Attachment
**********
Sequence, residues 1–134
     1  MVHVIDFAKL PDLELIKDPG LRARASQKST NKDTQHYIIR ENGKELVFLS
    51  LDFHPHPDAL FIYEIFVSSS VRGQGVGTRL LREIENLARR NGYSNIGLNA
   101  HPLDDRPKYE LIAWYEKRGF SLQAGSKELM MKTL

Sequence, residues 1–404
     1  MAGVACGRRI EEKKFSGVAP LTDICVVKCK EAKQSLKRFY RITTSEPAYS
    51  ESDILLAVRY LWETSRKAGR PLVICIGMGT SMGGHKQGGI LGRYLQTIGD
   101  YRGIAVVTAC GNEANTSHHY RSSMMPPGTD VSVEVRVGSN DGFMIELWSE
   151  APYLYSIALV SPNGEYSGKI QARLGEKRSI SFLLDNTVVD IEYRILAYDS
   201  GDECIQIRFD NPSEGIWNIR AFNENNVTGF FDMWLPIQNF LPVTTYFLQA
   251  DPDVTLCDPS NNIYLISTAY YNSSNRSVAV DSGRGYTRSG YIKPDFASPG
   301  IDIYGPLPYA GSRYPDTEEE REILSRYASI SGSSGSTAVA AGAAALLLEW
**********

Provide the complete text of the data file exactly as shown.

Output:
Sequence, residues 1–134
     1  MVHVIDFAKL PDLELIKDPG LRARASQKST NKDTQHYIIR ENGKELVFLS
    51  LDFHPHPDAL FIYEIFVSSS VRGQGVGTRL LREIENLARR NGYSNIGLNA
   101  HPLDDRPKYE LIAWYEKRGF SLQAGSKELM MKTL

Sequence, residues 1–404
     1  MAGVACGRRI EEKKFSGVAP LTDICVVKCK EAKQSLKRFY RITTSEPAYS
    51  ESDILLAVRY LWETSRKAGR PLVICIGMGT SMGGHKQGGI LGRYLQTIGD
   101  YRGIAVVTAC GNEANTSHHY RSSMMPPGTD VSVEVRVGSN DGFMIELWSE
   151  APYLYSIALV SPNGEYSGKI QARLGEKRSI SFLLDNTVVD IEYRILAYDS
   201  GDECIQIRFD NPSEGIWNIR AFNENNVTGF FDMWLPIQNF LPVTTYFLQA
   251  DPDVTLCDPS NNIYLISTAY YNSSNRSVAV DSGRGYTRSG YIKPDFASPG
   301  IDIYGPLPYA GSRYPDTEEE REILSRYASI SGSSGSTAVA AGAAALLLEW